Anything that helps remove whiney millennials and urbanists from the genetic pool gets my full support.


@1 harhar


Why you guys keep jizzing all over the Slog about this, I’ll never understand. I mean sure, they’re cute and all, the tourists will get a kick out of them, and I guess you’ll enjoy hipstering around with a joint hanging out of your mouth. But they just don’t work that great as an actual transit medium. They’re bumpy, wobbly, and slow as fucking molasses up hills (we have a few). And they’re expensive as shit. You do know most, or even all, of the share bikes—which are actually useful, btw—will disappear once the scooters arrive? You know why? Because the profit margin on the scooters is way higher. So now we will all pay twice as much for something not even half as practical. If you actually gave a crap about real transit, you would ask how someone would take one of these more than a half-mile without risking life, limb, and wallet, not badgering the city to shoot itself in the foot.


@3: Anything to criticize Durkan. She beat their favored candidate, and she was endorsed by the guy they tried to run out of office on rumors. Getting beaten twice in one election really hurts, so they neither forget nor forgive.

(Also, as you noted, pseudo-hipster cred.)


As a multi-modal transit advocate and user, I have to agree with @3. I spent a day in Denver at the end of a trip using a Lime e-scooter to get around downtown from the train station to park and back to the train and let me tell you, it was a fun ride for a few flat blocks. But as soon as the trip stretched beyond a 1/2 mile, it became a tiresome, bumpy and unsafe ride. I had to split my time between sidewalks, which felt unsafe because pedestrians didn't expect me and in the street (in bike lanes) which felt unsafe because the roadbeds were too bumpy for the relatively janky machines. Not to mention that as small as they are, they have NO business being that close to cars.
Rentable e-scooters are a fun novelty but are not a transportation solution. If you want one so badly, go buy one and ride that. I see them all the time when I am riding to work and those things look much more stable, burly and useful. But asking a bunch of tourists to avoid peds while zipping around the market, or a bunch of hipsters to avoid em while zipping down Broadway, or privileged Ballard-ites to avoid peds is ridiculous. These are not a solution, they're a toy.


Private corporations utilizing the taxpayer-maintained public space for profit.

Unless these euphamistically termed "share" corps pay a whopper of a licensing fee to the city, they should be banned, or forced to purchase land for their own parking lots. The majority of revenue from these parasitic schemes should fund public transportation.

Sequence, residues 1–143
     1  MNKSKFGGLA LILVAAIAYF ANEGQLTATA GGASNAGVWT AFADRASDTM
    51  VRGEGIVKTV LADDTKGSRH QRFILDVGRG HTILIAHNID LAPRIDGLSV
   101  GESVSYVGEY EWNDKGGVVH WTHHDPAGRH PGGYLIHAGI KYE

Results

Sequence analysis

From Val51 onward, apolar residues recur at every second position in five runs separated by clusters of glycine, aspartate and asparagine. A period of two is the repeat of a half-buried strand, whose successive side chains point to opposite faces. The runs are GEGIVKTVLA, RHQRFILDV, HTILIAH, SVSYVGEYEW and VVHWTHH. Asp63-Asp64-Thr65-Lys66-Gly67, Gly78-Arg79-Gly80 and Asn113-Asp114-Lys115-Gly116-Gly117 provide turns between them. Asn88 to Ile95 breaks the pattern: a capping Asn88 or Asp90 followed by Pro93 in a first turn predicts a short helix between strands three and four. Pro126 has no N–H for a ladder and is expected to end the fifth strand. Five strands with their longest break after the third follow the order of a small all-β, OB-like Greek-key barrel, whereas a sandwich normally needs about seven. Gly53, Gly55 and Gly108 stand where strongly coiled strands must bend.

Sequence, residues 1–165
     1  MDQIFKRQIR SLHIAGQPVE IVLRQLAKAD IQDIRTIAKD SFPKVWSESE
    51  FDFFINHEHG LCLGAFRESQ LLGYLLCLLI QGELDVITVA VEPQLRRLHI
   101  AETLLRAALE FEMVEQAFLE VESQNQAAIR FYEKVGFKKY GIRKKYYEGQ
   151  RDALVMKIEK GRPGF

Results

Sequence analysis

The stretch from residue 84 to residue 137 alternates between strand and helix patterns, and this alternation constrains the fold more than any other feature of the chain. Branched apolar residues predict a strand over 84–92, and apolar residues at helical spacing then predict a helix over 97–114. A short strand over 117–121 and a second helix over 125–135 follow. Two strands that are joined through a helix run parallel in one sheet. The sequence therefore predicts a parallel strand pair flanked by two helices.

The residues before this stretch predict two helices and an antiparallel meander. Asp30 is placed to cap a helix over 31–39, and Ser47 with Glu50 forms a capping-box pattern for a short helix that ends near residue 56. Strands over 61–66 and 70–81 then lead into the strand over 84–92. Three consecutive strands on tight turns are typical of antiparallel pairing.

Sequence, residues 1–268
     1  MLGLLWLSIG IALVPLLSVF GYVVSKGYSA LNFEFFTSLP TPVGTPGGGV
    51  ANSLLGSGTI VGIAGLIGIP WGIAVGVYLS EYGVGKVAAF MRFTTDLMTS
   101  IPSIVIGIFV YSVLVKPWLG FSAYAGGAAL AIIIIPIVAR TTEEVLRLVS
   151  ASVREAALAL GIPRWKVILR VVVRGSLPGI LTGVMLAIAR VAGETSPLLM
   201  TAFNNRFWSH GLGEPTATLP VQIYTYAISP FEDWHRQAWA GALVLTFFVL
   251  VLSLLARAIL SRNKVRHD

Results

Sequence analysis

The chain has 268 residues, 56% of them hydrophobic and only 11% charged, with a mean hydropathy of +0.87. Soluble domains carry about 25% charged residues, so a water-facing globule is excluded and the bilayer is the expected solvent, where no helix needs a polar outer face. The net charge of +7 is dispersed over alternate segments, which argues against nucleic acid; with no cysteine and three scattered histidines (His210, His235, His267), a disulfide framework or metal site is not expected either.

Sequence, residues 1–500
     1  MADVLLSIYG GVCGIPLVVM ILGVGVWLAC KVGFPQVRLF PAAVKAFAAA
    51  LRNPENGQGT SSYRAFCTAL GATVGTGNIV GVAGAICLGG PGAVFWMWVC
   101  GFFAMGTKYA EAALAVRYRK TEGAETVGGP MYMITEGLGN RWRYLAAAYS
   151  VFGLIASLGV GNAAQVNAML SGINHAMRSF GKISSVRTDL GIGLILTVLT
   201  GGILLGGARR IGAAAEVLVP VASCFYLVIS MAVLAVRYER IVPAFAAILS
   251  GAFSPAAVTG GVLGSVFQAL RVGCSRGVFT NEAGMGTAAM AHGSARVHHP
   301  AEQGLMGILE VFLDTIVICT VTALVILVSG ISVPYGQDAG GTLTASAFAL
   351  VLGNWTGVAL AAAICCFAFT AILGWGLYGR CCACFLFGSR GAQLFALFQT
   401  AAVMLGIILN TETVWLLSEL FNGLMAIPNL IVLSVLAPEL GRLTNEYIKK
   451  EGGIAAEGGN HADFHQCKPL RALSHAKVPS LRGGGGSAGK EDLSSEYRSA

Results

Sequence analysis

Why does The Stranger love these so much? Is it just a juvenile fascination with toys, or do they really not see the problem these share devices represent?


Electric rental scooters currently incur higher environmental costs than the alternatives.

"Under our Base Case assumptions, we find that the life cycle greenhouse gas emissions associated with e-scooter use is higher in 65% of our Monte Carlo simulations than the suite of modes of transportation that are displaced."

This is largely due to very short lifetimes for rental scooters.

The study above assumed a lifetime of six months to two years in its computer simulation. Most other studies have found lifetimes to average approximately 3 months, with some as short as 29 days. Manufacturers claim at most a 10 month average lifetime for recent models.


I guess the shattered brains, broken collarbones, and split lips aren’t enough for you. As well as being essentially non-usable for most people. As well as taking a big ole dump on Gaia our mother the earth. Talk to those guys over at the Limebike warehouse this morning and ask what they think about battery operated scooters and bikes.


OMG you guys! Erica C. Barnett is TOTALLY PISSED (again) at you for this!!!


@10 Erm, a bit of snark about how it's just now dawning on Nathalie that an empty political announcement might have been empty doesn't quite meet the mark of "TOTALLY PISSED," as you put it.


Oh GOODY! These will be so much easier to throw out of the way than those awkward, heavy, bikes are.


I always enjoyed riding my bike in downtown and felt safe doing so - traffic is so slow that even a collision was unlikely to be fatal, unlike in other parts of town. For the same reason, I'd love to ride a scooter there too!


@3 "I guess you’ll enjoy hipstering around with a joint hanging out of your mouth" - I will, and it's awesome! I rarely see anyone (where I live) using the bikes, but I see all types of folks using the scooters. Not everyone wants to arrive sweaty at their destination.

@7 You're paving the way for mandatory bike registration and licensing.


@3: I'm not a hipster -- just a 47-year old urban commuter with back problems. As a result, I'm an example of the kind of person who can't use bikes but can use scooters. Indeed, I just got back from three months in Providence, RI and used the scooters a fair bit to zip around downtown and the university campuses. There's a big steep hill in the middle of all that too. The scooters were great. I realize that folks like me may be small in number, but I don't know for sure. Either way, we're worth keeping in mind when you think about the pluses and minuses of each mode.

Also - bikes and scooters seemed to happily co-exist there, since they each have unique strengths. Not sure why you're convinced that one will drive out the other.

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